Switching mobile telcos is incredibly easy

Is your relationship with your telco not working out? Here’s how to give them the flick.

Published on January 09, 2022
4 min read

So you’ve hit a wall with your current mobile phone plan and it’s time for something new. You’re ready to put yourself out there again. Basically, you’re on the market to see what’s on the market in the telco space. Good news! There are dozens of telco choices across a few key networks, and there are plenty of options to meet your current needs.

To help prove how easy it is to move on, here’s how to break up with your current telco.

Photograph of two young professionals swapping phone numbers

How to break up with your telco

It doesn’t really matter why you want to go because it’s not up to you to explain to your soon-to-be-ex-telco why you’re ready to move on. They may ask and they may tempt you to stay with one form of attractive deal or another, but you don’t even have to talk to them.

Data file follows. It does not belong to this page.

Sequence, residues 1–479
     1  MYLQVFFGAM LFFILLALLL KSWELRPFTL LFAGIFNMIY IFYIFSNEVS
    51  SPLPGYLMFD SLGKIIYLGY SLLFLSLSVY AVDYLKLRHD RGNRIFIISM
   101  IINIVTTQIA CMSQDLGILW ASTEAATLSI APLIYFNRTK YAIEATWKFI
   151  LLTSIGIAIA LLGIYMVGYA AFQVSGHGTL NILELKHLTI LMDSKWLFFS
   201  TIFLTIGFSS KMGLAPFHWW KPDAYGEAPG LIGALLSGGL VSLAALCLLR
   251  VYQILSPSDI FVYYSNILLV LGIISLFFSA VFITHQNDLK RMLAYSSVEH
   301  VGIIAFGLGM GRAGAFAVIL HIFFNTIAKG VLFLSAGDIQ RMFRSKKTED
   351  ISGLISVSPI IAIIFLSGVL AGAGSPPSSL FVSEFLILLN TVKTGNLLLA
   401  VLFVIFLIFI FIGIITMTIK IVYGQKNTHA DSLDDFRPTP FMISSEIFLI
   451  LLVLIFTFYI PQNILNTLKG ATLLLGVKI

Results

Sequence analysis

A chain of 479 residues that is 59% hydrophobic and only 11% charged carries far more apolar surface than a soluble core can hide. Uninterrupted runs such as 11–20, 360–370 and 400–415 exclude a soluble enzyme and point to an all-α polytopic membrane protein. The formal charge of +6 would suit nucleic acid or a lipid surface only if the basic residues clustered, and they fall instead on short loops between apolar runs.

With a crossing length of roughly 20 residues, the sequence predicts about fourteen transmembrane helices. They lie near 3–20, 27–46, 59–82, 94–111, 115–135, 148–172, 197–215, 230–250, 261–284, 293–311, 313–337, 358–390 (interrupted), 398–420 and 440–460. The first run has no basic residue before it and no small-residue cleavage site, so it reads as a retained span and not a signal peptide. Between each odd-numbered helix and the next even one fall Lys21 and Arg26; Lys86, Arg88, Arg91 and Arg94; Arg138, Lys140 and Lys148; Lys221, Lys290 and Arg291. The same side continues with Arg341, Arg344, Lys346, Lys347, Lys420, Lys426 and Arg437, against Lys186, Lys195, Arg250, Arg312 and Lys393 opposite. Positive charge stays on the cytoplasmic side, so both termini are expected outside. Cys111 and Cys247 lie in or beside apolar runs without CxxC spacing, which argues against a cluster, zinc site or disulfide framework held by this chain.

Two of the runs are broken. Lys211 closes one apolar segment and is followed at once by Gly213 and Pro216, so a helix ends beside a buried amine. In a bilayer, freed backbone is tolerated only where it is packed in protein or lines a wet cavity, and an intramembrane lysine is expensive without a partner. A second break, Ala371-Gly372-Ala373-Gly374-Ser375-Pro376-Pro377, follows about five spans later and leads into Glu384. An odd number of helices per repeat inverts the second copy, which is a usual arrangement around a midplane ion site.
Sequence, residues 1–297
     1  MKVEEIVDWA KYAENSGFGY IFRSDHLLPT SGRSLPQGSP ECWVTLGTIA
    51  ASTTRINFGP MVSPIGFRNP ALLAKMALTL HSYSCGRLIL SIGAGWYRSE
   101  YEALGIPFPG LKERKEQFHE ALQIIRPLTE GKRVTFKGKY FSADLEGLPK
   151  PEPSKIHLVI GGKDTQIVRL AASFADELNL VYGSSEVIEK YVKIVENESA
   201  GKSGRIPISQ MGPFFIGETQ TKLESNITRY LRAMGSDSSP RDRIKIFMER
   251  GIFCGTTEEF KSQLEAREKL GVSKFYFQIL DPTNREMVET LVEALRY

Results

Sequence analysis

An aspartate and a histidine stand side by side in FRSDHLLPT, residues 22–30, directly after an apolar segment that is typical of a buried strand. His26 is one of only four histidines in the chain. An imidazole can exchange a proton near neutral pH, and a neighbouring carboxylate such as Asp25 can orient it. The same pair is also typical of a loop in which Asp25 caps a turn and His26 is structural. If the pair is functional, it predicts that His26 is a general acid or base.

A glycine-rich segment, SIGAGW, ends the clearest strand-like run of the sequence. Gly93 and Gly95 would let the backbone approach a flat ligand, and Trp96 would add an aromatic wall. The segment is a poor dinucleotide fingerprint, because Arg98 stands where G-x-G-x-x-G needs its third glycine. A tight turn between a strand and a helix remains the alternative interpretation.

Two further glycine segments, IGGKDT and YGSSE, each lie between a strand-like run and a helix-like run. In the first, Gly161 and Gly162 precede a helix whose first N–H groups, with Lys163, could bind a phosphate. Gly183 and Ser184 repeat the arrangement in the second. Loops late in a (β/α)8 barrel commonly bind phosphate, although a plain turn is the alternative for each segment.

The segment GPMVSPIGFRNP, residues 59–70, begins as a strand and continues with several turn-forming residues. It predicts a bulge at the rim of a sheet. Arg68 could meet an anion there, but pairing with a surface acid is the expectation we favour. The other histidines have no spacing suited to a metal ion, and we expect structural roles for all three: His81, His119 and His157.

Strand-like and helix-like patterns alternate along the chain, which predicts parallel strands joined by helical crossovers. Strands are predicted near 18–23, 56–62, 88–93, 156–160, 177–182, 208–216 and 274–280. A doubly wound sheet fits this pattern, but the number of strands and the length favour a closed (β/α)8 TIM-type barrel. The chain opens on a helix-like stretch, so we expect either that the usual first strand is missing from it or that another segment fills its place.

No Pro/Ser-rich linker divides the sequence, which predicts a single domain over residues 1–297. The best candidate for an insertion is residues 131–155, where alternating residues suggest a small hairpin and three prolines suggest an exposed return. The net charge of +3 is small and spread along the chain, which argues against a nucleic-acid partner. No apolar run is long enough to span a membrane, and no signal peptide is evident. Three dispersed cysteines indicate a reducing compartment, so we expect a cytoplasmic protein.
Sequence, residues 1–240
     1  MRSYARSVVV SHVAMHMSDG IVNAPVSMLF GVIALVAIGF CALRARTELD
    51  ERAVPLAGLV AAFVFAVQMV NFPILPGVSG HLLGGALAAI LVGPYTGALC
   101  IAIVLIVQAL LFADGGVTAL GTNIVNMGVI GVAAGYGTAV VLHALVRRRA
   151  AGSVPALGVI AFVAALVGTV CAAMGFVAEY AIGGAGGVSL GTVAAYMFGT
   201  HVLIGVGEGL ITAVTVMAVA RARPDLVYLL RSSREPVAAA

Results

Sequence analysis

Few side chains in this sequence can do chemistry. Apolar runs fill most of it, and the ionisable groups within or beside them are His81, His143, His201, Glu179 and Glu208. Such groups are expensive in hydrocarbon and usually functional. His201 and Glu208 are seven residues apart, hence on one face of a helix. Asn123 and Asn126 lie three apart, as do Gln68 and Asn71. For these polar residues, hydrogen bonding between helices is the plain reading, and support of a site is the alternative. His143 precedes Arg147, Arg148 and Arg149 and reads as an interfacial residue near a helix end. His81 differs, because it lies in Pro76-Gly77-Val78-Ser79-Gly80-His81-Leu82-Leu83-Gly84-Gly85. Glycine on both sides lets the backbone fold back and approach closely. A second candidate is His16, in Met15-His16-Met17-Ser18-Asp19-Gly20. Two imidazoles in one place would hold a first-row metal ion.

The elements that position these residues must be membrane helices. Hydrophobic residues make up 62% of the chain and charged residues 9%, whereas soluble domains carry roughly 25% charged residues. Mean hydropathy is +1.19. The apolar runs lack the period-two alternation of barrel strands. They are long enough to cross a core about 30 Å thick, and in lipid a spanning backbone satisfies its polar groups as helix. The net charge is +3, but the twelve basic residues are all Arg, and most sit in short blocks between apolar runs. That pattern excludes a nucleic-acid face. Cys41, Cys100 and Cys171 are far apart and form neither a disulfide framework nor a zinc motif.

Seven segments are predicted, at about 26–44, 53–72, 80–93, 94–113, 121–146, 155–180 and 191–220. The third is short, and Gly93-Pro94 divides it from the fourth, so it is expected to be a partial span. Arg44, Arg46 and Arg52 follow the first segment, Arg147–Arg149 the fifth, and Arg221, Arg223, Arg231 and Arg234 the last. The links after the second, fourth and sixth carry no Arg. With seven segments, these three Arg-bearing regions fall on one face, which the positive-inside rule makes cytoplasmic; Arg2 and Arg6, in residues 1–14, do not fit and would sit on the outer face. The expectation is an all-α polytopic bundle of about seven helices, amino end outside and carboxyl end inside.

In fact, the most important first step is to not cancel your existing mobile plan. Speaking from ancient experience, cancelling your existing plan definitely makes things trickier. Why? If you cancel your current mobile plan, it makes it trickier to port/transfer your existing mobile number.

Don’t want to keep your old number? Then you will have to have a chat with your current provider, either via phone, online chat or visiting a store to cancel your old number. But if you’re like the average person shifting telcos, you’ll want to keep your number when switching telcos. In terms of timing, we’d advise planning your plan switch with a couple of business days of breathing space before the current recharge/month ends.

The next step is the fun part: find a new plan.

SIM options
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Replacing your SIM
Whichever new telco you shift to, you’re going to need to swap out your current SIM for a new one. If that’s a physical SIM card, note that they come in standard, micro and nano sizes, so you may need to fully snap out the new SIM card or leave some of the extra plastic attached to make it fit. Alternatively, if you’re using a newer handset and shifting to a participating telco—Telstra, Optus, Vodafone or Gomo—you may be able to use an eSIM, which means there’s no need to physically replace a SIM card.